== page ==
Watch for These 4 Red Flags When Hiring Air Duct Cleaners

Because residential air duct cleaning only needs to happen once every 3 to 5 years, not many homeowners feel as comfortable hiring a professional as they would for more common issues such as leaky pipes or loose shingles. The cleaning process happens infrequently, so many homeowners are starting from square one when they look for a professional cleaning company.

It is always intimidating striking up a new relationship with a contractor. As with any industry, there are scammers and unscrupulous people in the air duct cleaning business. Homeowners who are looking to have cleaning services performed should be aware of these 4 red flags…

Extremely Low Price Offers

Some companies distribute coupons with offers promising a “whole house special” for $49, $59, $69 and so on. Someone who has never hired professional air duct cleaners before has no point of reference for what the services should cost. Therefore, a coupon advertising a very affordable price will seem extremely attractive.

Beware this tactic. These low-price offers are usually just a means of the contractor getting their foot in the door. From this point, they will begin adding on charges such as a “per vent” fee, or extra fees to inspect and clean the HVAC unit itself (which should be included). These fees can add up extremely quickly, leaving that $49 price tag miles back.

The Real Deal: Depending on the size of your home, you can expect HVAC cleaning services to cost somewhere between $400 and $1000. Factors that influence pricing are the size of your home, the age of your system, and the accessibility of your vents. Reputable companies will be able to account for every dollar they are charging by presenting you with an itemized proposal.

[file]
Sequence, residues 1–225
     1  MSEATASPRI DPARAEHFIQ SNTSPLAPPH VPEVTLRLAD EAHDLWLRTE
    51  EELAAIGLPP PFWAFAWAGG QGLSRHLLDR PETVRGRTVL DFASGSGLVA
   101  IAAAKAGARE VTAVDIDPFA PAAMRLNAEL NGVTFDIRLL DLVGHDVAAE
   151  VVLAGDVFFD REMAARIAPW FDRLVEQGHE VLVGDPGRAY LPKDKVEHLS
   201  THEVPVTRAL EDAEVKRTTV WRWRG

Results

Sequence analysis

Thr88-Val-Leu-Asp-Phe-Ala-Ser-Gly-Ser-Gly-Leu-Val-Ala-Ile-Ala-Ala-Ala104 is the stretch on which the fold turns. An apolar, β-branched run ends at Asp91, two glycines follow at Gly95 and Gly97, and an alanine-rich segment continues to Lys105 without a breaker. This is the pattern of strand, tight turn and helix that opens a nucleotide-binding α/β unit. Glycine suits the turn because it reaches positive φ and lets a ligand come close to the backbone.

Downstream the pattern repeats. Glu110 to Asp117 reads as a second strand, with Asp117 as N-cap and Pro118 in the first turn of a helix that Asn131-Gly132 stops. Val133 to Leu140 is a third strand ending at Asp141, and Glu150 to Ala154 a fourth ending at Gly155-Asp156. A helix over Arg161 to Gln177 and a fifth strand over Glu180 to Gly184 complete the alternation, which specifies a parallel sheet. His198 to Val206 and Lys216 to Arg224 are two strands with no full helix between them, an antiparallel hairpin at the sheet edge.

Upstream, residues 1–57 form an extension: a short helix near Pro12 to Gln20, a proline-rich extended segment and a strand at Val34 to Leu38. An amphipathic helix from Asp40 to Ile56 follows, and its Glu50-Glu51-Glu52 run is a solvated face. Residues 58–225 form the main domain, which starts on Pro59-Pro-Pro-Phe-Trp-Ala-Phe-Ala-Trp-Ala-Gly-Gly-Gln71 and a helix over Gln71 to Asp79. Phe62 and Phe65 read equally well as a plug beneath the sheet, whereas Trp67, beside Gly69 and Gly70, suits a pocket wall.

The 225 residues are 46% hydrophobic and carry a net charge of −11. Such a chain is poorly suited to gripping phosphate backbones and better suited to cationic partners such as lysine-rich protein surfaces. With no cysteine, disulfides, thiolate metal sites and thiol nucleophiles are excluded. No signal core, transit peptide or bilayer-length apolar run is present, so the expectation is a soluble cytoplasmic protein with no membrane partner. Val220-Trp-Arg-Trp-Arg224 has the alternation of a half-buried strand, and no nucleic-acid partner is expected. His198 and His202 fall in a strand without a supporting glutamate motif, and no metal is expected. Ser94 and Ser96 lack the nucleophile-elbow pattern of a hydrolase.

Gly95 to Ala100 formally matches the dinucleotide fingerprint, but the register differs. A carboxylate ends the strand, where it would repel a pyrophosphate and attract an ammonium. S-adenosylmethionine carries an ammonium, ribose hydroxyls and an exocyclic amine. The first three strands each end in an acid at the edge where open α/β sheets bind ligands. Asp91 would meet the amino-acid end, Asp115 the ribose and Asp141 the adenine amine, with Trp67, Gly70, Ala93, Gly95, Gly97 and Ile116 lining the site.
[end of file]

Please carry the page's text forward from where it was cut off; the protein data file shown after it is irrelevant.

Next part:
Excessive Fine Print

Piggybacking on to the low-price scam is the excessive fine print scam. Any company will have certain disclaimers or restrictions, but they should be presented to you upfront, and in plain English. A company that lists out dozens of situations that would add cost fully intends to charge you more than they said they would. If you do not completely understand the service contract, don’t sign it.

The Real Deal: If there are equipment fees, travel fees, taxes, or any other extra expenses, they should be spelled out in your initial proposal. Any questions you ask should be answered in a forthright manner. A company that stands behind their work will not attempt to dodge you.

No Certification

If a contractor is unable to present you with proof of certification, that is a red flag. Beware of contractors in unmarked vehicles, or door to door sales people who claim they are working on your neighbors’ houses. These people may not be certified contractors.

The Real Deal: Air duct cleaners should be certified through the National Air Duct Cleaners Association (NADCA). They should also be fully licensed and insured, and able to provide you with proof whenever you ask.

High Pressure Sales Pitches to Fix Problems Immediately

Sometimes, during a routine air duct cleaning, a major problem is discovered. This could be something like mold growth, or even rodents nesting in your air ducts. These are very serious situations, but do not allow yourself to be pressured into paying immediately to resolve them.

The Real Deal: A reputable contractor will completely understand your desire to get a second opinion, and may in fact encourage you to do so. They should also present you with a detailed plan of how they will go about removing the problem, and a price breakdown as well.

The bottom line is this: if you don’t get a good feeling from a company, move on. Don’t feel pressured to work with anyone but the best. You have the right to expect professionalism and responsibility from your air duct cleaners.

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